Agnimalya, SBPnB, Coming Kingdom January 2019 critique by Troy

Agnimalya January 2019 Critique
https://patreon.com/sharmishthabasu
By Troy David Loy https://www.amazon.com/author/troyloy

Efiles:
Detective Agni gets briefed on her target, and having gotten the testimony she needs, quickly brings down the villain. A fitting conclusion to this serial! It seems a bit heavy on explanation and light on action in places, but then this is a detective story, not an action story, and that’s often common for the genre.

The Scorpion Man:
Deathstinger wants a wife, but not of his people, the scorpion folk, instead a girl of the tiny Inchlines. He takes one from her home, but soon becomes angry with his choice!

His would-be bride grows despondent, listless, and is soon returned to her people by his own scorpion children. This one was interesting, and I’d like to see more of the Inchlines and Scorpion Folk in future stories.

Surya:
A young woman is traumatized, and kept in an orphanage after the death of her parents. Those responsible for her trauma are being killed, though, one by one, and her caretakers decide to find out how! Will they uncover something beyond ordinary explanation? I’d like to see this one continued, but I’m unsure that that’s the idea, as the ending is a bit ambiguous as to that to my reader’s eye.

The Argument:
A young girl faces a writing deadline, when she meets a pair of talking insects in competition demanding that she write about one of them. When one grows to enormous size, she suddenly gets an idea for her project, giant insect or not! This one was pretty cool, with a good narrative feel.

Coming Kingdom January 2019 Critique
https://patreon.com/sharmishthabasu
Critique By Troy David Loy @https://www.amazon.com/author/troyloy

The Dream:
An antique collector falls in love after a vision involving his latest purchases, and the girl of his, well, dreams. Literally. Some of the dreams’ content warn of murky doings, threatening the love of his life! Will he prevent the worst from happening to her? This one concludes nicely.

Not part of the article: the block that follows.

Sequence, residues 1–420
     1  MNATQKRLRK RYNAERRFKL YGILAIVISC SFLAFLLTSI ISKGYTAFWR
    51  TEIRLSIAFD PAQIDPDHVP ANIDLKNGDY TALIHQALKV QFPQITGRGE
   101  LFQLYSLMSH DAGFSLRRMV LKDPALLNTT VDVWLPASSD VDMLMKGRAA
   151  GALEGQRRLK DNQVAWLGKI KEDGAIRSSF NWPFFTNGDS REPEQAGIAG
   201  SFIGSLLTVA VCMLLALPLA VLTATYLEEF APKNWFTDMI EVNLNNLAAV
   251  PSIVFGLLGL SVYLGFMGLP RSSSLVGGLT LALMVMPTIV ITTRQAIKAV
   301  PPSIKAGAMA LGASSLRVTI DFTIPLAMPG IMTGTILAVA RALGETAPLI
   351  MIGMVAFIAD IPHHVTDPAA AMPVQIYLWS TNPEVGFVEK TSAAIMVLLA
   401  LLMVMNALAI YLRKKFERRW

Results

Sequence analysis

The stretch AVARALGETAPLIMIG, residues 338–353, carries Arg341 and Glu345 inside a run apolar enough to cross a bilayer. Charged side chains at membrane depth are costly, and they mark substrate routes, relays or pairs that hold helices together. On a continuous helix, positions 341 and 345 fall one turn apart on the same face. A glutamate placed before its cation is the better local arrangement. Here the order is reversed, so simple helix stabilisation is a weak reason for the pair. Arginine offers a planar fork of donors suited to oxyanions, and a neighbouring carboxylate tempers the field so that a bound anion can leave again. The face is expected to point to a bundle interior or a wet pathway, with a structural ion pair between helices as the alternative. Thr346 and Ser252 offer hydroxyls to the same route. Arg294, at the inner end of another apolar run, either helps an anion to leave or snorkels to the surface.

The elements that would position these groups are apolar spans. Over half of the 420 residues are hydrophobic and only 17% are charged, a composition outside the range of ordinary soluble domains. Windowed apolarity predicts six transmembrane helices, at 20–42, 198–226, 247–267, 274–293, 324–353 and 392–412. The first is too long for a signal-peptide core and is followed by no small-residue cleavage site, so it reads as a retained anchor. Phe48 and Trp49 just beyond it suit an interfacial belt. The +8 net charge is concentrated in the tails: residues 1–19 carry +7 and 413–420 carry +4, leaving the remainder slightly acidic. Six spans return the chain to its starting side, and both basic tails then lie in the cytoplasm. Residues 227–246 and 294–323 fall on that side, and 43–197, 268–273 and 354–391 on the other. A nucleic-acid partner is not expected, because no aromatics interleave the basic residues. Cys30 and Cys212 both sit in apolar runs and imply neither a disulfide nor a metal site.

The Englishman:
Raktim and Chandra purchase a new home, one with a bad reputation, and a haunted past. What dark secrets lie hidden to be found? Who is the mysterious and ill-willed Englishman?

The Girl:
Raj and Mohana are childless, and desperately want to change that! Will Mohana’s wish for a child be granted in the wake of her strange nightmares?

The Village:
Chandralekha is taken to a place across a mountain pass, and sacrificed to a serpent deity for testing. Does she pass the test? Does she return home or fail, to become a slave forever? Good one!

Agnishatdal Chaitra 1425 Critique by Troy

Agnishatdal Chaitra 1425 Critique
By Troy David Loy @ https://www.amazon.com/author/troyloy
Agnishatdal Chaitra 1425, March 2019
https://shoptly.com/i/ext

Namaskar! This month, the last for BS 1425, the eZine starts with a digital painting by the Authoress of a young woman in traditional garb on a swing. I like the color palette chosen for this, heavy with cultural symbolism, as well as the definition of shapes, but the thing that stands out to me is the way the nose can be “seen,” instantly “filled in” by the viewer’s brain, simply implied by the way the rest of the face is shown. That’s a skillful use of technique in a
digital painting.

Rajeshwari Datta & Rama Majumdar: The entries for these two performers of Tagore’s music here give valuable snippets of personal history, plus good music lists of the songs they performed. While this is good, and worth a close look each time, I also like the earlier entries on other famous figures of history who made their marks on India and/or Bengal in other ways.

The next image shows a sitting young woman in pearls before a row of hedges or brush. The choice of skin tones, dress, and lip coloring go well together, as does the assortment of pearls around crown, neck, and arms.

The cook is a spy 2: